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Resource Documents: Japan (2 items)

RSSJapan

Documents presented here are not the product of nor are they necessarily endorsed by National Wind Watch. These resource documents are provided to assist anyone wishing to research the issue of industrial wind power and the impacts of its development. The information should be evaluated by each reader to come to their own conclusions about the many areas of debate.


Date added:  March 24, 2016
Japan, NoisePrint storyE-mail story

Measurement of infrasound generated by wind turbine generator

Author:  Sugimoto, Takanao; Koyama, Kenji; Kurihara, Yosuke; and Watanabe, Kajiro

Abstract: This paper describes the development of a new sensor which uses a condenser microphone and a new system containing it as an element. The back of the microphone is covered with a seal chamber, which expands the frequency characteristic of the microphone to the infrasonic region. In addition, a windscreen is fitted to the sensor to reduce or eliminate wind noise. We developed a measurement system with this new sensor, installed it at a wind farm, and measured infrasound. The measurement results confirmed that the measurement system worked normally and could measure infrasound generated by wind turbines. Moreover, it was confirmed that the equivalent continuous sound level is highly correlated with the average rotor speed of a wind turbine.

Figure 7 shows the measurement result of October 25, 2007 19:16 as a sample, and Fig. 8 shows the result calculated by Eq. (2) and the calibration result of a G frequency weighting sound pressure level.

Sugimoto-Fig7

Sugimoto-Fig8

Figure 10 shows the relationship of the equivalent continuous sound level for 80 seconds (calculated from 240 measurement results by using Eq. (3)) and the average rotor speed.

Sugimoto-Fig9

Society of Instrument and Control Engineers Annual Conference 2008
August 20-22, 2008, University of Electro-Communications, Chofu, Tokyo, Japan

Download original document: “Measurement of infrasound generated by wind turbine generator

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Date added:  March 23, 2016
Health, Japan, NoisePrint storyE-mail story

Exposure-response relationship of wind turbine noise with self-reported symptoms of sleep and health problems: A nationwide socioacoustic survey in Japan

Author:  Kageyama, Takayuki; Yano, Takashi; Kuwano, Sonoko; Sueoka, Shinichi; and Tachibana, Hideki

Abstract: The association of wind turbine noise (WTN) with sleep and physical/mental health has not been fully investigated. To investigate the relationship of WTN with the prevalence of self-reported symptoms of sleep and health problems, a socioacoustic survey of 1079 adult residents was conducted throughout Japan (2010-2012): 747 in 34 areas surrounding wind turbine plants and 332 in 16 control areas. During face-to-face interviews, the respondents were not informed of the purpose of the survey. Questions on symptoms such as sleeplessness and physical/mental complaints were asked without specifying reasons. Insomnia was defined as having one or any combination of the following that occurs three or more times a week and bothers a respondent: Difficulty initiating sleep, difficulty maintaining sleep, premature morning awakening, and feeling of light overnight sleep. Poor health was defined as having high scores for health complaints, as determined using the Total Health Index, exceeding the criteria proposed by the authors of the index. The noise descriptor for WTN was LAeq,n outdoor, estimated from the results of actual measurement at some locations in each site. Multiple logistic analysis was applied to the LAeq,n and insomnia or poor health. The odds ratio (OR) of insomnia was significantly higher when the noise exposure level exceeded 40 dB, whereas the self-reported sensitivity to noise and visual annoyance with wind turbines were also independently associated with insomnia. OR of poor health was not significant for noise exposure, but significant for noise sensitivity and visual annoyance. The above two moderators appear to indicate the features of respondents who are sensitive to stimuli or changes in their homeostasis.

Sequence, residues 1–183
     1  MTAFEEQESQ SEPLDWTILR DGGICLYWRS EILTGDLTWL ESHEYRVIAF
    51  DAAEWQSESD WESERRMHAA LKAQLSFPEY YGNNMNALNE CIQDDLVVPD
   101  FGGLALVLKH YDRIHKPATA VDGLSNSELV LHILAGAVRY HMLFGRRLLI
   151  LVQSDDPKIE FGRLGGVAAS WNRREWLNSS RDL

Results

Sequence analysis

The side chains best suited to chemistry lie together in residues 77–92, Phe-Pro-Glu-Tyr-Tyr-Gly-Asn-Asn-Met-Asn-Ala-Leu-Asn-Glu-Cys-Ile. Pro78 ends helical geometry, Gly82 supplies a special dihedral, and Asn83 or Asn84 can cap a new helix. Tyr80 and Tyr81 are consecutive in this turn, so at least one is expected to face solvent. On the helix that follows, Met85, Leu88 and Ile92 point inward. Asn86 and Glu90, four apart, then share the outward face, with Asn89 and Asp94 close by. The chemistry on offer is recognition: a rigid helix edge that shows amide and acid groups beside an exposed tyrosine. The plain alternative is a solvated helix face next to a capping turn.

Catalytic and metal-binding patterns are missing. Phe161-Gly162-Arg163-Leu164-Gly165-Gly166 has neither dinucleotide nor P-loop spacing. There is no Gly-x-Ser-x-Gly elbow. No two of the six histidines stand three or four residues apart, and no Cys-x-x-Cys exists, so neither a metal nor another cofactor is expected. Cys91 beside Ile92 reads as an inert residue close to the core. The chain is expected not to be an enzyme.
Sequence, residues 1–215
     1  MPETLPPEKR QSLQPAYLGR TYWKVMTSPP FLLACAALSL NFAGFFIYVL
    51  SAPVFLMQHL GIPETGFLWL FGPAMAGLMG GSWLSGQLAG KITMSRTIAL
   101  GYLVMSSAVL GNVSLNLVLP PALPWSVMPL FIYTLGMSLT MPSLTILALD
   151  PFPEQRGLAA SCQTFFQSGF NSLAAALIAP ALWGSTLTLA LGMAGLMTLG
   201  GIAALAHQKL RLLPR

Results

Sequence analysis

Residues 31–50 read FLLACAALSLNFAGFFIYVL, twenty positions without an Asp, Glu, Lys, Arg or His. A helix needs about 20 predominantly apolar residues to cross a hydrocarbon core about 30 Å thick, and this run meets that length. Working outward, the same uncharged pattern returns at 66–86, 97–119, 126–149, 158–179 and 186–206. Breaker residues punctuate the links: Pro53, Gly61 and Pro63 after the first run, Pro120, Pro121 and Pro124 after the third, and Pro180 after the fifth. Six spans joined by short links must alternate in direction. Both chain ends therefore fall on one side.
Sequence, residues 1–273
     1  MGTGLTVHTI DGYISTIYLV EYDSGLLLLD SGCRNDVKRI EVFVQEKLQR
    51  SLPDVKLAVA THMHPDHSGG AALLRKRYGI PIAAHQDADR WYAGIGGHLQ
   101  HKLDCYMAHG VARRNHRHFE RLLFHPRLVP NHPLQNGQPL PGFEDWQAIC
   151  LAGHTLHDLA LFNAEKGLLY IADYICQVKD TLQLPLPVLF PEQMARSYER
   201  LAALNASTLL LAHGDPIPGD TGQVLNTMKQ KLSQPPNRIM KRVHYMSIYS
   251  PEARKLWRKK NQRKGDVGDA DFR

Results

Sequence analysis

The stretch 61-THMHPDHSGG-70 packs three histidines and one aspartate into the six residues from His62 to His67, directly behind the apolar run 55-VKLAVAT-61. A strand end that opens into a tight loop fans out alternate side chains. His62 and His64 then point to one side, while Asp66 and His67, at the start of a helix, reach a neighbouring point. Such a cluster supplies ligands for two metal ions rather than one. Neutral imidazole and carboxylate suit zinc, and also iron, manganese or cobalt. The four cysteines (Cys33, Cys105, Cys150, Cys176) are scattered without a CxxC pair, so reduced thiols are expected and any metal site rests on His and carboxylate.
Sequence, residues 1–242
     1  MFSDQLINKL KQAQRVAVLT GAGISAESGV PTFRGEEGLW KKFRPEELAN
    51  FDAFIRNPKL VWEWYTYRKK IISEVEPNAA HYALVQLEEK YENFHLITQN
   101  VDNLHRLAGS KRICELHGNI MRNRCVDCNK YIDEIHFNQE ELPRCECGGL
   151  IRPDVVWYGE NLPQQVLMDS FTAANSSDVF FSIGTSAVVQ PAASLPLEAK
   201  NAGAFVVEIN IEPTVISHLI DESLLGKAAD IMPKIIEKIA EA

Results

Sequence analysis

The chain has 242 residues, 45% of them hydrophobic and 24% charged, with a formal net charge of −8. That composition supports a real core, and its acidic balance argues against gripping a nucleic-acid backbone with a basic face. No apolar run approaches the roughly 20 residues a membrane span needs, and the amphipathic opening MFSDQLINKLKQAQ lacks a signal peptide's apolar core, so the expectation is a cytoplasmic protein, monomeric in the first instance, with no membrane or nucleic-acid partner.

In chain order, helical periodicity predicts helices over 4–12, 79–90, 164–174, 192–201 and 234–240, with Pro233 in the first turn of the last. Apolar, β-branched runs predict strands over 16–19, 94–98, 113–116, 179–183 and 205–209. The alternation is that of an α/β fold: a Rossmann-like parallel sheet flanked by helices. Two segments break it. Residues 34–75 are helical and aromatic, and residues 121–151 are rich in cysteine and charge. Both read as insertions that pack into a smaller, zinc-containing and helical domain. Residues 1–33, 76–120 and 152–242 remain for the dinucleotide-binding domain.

Noise Health. 2016 Mar-Apr;18(81):53-61.
doi: doi: 10.4103/1463-1741.178478

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